I think you’re right about both sides liking both types of interventions and about who they intend to target. An example of an indirect intervention would be where a business is given a special privilege (like banks with fractional reserve banking), and legislators or regulatory bodies remove controls on how that special privilege is used, supposedly to advance free-market reforms, rather than eliminating the privilege itself (the direct intervention). I hope that makes more sense.

              • It’s true that if you look through the tables you can find a 100% increase. The example you cite is “On-Budget Federal Government Outlays”. However, the numbers in that table aren’t corrected for inflation, which means the dollars spent in 2011 were worth less than the ones in 2001.

                Not corrected for inflation, total federal outlays increased from 1.86 to 3.60 trillion in that period (almost 100%). But if you correct for inflation, total federal outlays went from 2.07 to 3.15 trillion (a large increase, but 52%, not 100%, and not more than 100% as RP’s site suggests).

                Politicians are great at finding misleading statistics to support their positions, but using dollar amounts that don’t reflect 10 years of inflation is plain old obfuscation or sophistry (also known as b.s.). Maybe we shouldn’t assume that RP or his staff understand inflation or why economists refer to numbers adjusted for inflation as “constant dollars” and “corrected”, but the rest of us should.

        • I’d prefer not to take up government accounting, but since everything on the internet should be accurate, the chart I looked at was:

          It’s title is Summary of Receipts, Outlays, and Surpluses or Deficits (-) in Current Dollars, Constant (FY 2005) Dollars, and as Percentages of GDP: 1940–2018. It’s specifically for the federal government. The chart you found includes all government expenditures, including state and local governments.

          I assumed RP’s site was referring to the federal government (his new employer), but looking at the chart you found:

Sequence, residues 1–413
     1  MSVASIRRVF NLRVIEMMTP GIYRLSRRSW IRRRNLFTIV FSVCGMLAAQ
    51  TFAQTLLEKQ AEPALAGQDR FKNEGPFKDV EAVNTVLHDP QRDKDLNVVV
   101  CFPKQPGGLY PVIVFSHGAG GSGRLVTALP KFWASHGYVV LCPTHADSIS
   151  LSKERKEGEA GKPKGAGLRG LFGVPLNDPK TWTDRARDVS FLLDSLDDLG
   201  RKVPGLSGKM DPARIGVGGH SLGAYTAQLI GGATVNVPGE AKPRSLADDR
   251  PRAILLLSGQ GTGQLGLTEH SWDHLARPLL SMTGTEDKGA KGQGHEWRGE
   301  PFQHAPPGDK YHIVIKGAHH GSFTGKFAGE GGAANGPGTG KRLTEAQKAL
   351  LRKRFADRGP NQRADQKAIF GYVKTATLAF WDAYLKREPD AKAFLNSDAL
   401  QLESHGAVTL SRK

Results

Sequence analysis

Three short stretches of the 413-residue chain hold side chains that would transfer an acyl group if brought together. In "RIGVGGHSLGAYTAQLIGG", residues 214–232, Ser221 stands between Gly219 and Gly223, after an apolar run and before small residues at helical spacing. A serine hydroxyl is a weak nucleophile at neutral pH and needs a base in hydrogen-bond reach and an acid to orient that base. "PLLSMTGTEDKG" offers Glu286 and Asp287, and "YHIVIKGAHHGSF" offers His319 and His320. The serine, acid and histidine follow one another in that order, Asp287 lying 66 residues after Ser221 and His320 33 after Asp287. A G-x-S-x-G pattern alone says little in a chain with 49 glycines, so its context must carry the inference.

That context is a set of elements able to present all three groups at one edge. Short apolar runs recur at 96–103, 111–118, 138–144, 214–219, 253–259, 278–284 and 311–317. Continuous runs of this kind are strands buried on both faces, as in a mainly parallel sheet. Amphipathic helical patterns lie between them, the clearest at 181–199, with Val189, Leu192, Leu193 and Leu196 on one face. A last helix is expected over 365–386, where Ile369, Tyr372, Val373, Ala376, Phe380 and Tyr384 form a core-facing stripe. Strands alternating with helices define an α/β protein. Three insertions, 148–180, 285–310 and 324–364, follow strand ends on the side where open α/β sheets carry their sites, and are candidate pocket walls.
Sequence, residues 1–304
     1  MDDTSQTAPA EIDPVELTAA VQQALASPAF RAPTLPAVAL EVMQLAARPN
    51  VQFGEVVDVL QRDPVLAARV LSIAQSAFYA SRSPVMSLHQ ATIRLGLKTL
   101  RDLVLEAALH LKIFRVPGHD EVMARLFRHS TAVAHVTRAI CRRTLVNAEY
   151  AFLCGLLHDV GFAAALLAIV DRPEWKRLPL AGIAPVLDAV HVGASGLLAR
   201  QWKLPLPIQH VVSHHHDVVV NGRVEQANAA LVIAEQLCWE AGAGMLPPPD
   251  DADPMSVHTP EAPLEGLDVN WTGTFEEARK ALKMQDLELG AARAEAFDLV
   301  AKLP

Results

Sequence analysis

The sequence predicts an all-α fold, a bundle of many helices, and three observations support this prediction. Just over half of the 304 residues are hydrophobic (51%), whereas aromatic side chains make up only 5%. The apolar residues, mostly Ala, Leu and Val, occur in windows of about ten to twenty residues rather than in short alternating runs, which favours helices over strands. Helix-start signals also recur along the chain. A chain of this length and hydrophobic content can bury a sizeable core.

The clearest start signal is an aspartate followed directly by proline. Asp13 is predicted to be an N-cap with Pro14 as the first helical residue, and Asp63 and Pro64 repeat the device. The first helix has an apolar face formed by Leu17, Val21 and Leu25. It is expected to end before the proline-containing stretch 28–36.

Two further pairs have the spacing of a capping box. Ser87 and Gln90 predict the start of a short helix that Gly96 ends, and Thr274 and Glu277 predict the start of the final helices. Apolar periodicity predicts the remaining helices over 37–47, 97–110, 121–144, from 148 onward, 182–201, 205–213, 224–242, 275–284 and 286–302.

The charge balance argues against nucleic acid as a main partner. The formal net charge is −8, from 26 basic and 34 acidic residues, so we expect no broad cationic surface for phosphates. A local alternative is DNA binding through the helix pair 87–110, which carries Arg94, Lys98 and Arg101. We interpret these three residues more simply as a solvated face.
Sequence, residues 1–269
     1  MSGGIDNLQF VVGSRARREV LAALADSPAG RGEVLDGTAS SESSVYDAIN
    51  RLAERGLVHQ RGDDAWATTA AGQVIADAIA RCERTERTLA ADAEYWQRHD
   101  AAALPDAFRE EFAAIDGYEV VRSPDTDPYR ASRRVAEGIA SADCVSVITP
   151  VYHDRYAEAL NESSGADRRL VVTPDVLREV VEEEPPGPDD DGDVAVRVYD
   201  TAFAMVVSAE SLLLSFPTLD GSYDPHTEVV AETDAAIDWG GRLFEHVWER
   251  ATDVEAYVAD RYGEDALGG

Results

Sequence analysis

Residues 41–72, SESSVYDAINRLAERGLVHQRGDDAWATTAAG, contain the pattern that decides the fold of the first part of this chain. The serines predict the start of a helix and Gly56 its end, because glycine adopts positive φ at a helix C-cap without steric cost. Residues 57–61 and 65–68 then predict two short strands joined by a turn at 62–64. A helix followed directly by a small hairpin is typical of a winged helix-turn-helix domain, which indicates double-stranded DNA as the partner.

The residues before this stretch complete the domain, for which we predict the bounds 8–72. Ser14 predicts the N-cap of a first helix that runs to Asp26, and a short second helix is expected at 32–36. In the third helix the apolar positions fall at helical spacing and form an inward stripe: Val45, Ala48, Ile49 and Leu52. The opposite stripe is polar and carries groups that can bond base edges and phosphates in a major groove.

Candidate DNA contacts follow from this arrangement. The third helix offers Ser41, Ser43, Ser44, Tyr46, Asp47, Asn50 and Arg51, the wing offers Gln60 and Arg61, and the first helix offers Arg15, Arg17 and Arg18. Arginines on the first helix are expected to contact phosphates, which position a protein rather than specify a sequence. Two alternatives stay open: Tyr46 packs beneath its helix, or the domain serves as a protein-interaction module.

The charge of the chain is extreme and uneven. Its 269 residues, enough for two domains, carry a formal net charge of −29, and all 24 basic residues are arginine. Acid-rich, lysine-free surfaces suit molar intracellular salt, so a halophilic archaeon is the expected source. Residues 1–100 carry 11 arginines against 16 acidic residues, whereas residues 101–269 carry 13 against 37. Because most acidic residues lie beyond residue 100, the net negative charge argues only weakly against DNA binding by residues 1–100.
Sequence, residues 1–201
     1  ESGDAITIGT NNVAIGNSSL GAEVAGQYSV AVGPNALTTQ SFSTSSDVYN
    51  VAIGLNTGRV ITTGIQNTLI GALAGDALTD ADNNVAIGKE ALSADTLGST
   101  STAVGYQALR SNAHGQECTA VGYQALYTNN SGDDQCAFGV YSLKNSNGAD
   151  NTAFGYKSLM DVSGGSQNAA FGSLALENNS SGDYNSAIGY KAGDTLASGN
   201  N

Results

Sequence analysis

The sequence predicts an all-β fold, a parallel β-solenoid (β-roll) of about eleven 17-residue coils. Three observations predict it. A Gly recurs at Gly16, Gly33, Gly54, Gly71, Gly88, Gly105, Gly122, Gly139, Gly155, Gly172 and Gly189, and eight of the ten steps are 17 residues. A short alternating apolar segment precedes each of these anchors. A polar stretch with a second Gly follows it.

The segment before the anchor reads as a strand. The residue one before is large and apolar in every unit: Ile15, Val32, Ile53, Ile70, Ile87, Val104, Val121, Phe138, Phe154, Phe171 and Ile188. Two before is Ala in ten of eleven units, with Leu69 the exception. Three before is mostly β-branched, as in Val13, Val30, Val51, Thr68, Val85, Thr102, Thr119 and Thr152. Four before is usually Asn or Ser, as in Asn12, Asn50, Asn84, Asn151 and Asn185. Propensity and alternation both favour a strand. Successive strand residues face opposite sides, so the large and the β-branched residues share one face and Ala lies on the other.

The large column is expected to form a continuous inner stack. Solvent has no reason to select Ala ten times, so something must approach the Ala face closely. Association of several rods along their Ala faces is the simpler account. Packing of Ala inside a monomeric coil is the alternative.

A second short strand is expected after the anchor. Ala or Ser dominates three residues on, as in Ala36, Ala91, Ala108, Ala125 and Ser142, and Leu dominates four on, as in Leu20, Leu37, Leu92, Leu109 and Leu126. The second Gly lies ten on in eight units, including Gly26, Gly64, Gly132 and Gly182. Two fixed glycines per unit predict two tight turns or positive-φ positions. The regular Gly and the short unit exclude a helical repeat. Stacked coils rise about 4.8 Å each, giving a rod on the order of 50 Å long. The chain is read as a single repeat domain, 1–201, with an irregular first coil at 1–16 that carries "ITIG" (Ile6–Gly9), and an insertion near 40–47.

Total government expenditures increased from 3.0 trillion in 2001 to 5.3 trillion in 2011 (although the increase is less if corrected for inflation, and not “more than 100%” even as it stands). In terms of GDP, the increase was from 29.2% to 35.5%, an even lower increase.

          So although it’s clear that all government spending has dramatically increased recently (and we should try to understand why), claiming that the size of government (meaning spending, not personnel) increased more than 100% in that decade is an impressive statistic, but basically bullshit. (But I’m no accountant.)

  1. On second thought (replying to myself), we give the author of this sentence at RP’s site (“the size of government has grown by more than 100 percent in the last decade”) too much credit if we ignore a simple fact: the federal workforce grew by 3% or so in that period. When someone refers to the “size of government”, it’s most natural to interpret that as a reference to the government workforce, not the amount of money the government spends. If you want to talk about the growth in government spending, it’s real easy to say “government spending has grown”. But Republicans often give the impression that money (especially their own money) is more important than people.